My new persona emerged and I was quiet inside my shell for a long time.  No more story telling here.  But I managed to eventually adapt to that as well.  I made friends and existed on a different level.  I became one of them.

So who was I?  How could I find myself and figure out what I should be doing?  All I wanted to do was get out of town.  To move on.  That’s what I had always done, wasn’t it?  Just dealt with the immediate problem and moved on.  I didn’t know why.  I never really thought about it that much.  I just knew I was not comfortable.  I was searching for something but didn’t know what it was.  I was living between cultures.  I didn’t feel American but I didn’t feel Mexican or Colombian or Nigerian, or Swiss.  I was unique, I was different.

Years later I learned I was a Third Culture Kid  – somebody who grew up in a culture not their own.  I discovered  I was not the only one who felt this way. Norma McCaig of Global Nomads wrote:

The benefits of this upbringing need to be underscored:  In an era when global vision is an imperative, when skills in intercultural communication, linguistic ability, mediation, diplomacy, and the management of diversity are critical, global nomads are better equipped in these areas by the age of eighteen than are many adults… These intercultural and linguistic skills  are the markings of the cultural chameleon — the young participant-observer who takes note of verbal and nonverbal cues and readjusts accordingly, taking enough of the coloration of the social surroundings to gain acceptance while maintaining some vestige of identity as a different animal, an “other.”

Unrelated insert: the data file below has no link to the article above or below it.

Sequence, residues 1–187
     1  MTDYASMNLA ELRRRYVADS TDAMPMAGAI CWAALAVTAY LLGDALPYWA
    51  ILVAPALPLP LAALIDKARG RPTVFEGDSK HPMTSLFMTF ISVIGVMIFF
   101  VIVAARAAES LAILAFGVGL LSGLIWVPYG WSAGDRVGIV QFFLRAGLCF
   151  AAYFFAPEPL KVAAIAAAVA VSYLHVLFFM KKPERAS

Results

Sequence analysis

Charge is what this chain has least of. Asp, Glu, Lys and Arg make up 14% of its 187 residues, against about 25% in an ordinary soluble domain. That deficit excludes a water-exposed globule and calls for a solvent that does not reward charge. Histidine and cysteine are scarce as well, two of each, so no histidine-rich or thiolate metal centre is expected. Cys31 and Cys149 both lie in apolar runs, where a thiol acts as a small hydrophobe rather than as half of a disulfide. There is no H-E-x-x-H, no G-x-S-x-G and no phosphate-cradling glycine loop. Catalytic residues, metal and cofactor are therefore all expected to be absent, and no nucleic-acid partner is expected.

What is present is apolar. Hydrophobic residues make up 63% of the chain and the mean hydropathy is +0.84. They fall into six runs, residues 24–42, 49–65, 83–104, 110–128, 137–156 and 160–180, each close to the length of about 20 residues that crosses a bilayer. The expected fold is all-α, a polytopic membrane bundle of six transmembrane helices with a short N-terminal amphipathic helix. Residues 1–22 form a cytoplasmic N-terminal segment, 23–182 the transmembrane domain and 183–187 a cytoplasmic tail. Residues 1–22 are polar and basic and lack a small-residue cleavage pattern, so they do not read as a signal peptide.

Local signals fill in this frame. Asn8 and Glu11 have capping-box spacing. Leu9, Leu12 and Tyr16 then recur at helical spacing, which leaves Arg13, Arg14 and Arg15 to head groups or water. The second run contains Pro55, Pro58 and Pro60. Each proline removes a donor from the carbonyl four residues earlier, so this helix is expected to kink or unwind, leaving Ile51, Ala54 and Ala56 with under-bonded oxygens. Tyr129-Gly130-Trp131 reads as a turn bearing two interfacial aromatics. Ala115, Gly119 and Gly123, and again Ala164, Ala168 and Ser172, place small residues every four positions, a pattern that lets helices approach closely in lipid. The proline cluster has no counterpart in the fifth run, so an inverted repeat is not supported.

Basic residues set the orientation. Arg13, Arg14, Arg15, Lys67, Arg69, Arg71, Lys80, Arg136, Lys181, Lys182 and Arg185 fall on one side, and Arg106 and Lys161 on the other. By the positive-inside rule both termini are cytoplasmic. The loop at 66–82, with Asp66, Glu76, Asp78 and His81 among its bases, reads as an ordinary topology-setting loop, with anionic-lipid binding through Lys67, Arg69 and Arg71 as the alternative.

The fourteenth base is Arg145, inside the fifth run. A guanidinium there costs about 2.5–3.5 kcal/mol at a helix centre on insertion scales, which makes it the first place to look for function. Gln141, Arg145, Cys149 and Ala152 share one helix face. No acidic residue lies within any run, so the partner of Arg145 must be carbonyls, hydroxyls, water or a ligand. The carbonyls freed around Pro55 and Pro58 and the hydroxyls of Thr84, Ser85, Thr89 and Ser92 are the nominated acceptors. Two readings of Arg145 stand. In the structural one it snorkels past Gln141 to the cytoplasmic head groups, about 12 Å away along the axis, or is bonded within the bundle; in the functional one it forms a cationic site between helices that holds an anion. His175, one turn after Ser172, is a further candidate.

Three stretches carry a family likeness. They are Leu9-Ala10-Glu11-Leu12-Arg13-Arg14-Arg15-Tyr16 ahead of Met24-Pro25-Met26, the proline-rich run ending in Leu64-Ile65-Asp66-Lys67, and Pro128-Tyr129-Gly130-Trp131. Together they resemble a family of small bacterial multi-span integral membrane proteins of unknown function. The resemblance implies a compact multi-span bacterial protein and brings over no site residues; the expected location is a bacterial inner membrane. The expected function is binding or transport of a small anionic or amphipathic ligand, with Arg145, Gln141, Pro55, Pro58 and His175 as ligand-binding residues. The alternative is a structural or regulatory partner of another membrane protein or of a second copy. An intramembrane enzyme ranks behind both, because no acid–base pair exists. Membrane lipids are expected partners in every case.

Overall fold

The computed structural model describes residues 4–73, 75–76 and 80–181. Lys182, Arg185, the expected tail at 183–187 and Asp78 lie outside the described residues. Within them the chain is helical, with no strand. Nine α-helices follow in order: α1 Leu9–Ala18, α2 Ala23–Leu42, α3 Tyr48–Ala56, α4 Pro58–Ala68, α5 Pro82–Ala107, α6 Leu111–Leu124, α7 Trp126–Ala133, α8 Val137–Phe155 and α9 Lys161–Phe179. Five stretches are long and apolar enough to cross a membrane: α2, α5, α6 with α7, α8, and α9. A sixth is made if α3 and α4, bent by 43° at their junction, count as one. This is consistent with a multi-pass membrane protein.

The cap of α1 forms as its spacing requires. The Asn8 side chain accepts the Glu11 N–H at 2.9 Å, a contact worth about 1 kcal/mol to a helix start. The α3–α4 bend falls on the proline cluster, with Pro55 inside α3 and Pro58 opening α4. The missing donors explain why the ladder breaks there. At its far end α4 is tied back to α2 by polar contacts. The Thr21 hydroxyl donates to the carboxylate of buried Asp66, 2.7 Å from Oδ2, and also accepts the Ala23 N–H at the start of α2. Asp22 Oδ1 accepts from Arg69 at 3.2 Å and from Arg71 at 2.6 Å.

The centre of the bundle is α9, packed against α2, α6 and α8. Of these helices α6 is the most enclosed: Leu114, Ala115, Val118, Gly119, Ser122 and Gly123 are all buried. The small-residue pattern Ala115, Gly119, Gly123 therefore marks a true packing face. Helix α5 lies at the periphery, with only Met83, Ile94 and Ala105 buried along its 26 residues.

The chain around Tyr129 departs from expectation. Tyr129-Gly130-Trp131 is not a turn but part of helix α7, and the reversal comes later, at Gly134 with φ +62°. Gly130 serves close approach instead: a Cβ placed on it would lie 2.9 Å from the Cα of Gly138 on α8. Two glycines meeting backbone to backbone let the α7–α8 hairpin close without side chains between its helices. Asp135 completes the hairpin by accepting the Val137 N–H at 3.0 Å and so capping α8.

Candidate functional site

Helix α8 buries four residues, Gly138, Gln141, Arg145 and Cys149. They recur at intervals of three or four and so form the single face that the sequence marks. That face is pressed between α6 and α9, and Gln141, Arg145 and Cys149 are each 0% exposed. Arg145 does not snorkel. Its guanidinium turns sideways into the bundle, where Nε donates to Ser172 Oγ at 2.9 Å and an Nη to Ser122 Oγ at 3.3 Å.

I wish I had read that when I was eighteen!  🙂

Does knowing all of this solve my restlessness, make me more comfortable?  No, it doesn’t solve it but it helps me understand it.  I know what it is and why I am the way I am.  It isn’t a bad thing.  But as I grow older, I think I have become less tolerant of ignorant people.  If somebody doesn’t know where France is or hates Muslims, or thinks Berlusconi is a type of pasta, I just don’t really bother to put any effort out.  I let it go.  When I was younger, I would try to educate or sometimes I would just brush it aside and try to make myself acceptable to them.  I don’t do that anymore.  I move on.

I recently published a book about all my trials and tribulations, joys and challenges and adventures growing up all over the world.  But it was not easy.  I spent a lot of time writing with tears streaming down my face.  I suppose I need deep psycho therapy to figure that out.  But when it was all done.  I felt better.  Something had been resolved.  I had accomplished what I set out to do and I felt positive.  I still do.  Although I am now facing another hurdle.  Being single for the first time in many years.  Not sure if that is a good thing or a bad one.    Oh, well.  I guess I will just have to deal with it and move on….

I’m feeling resilient.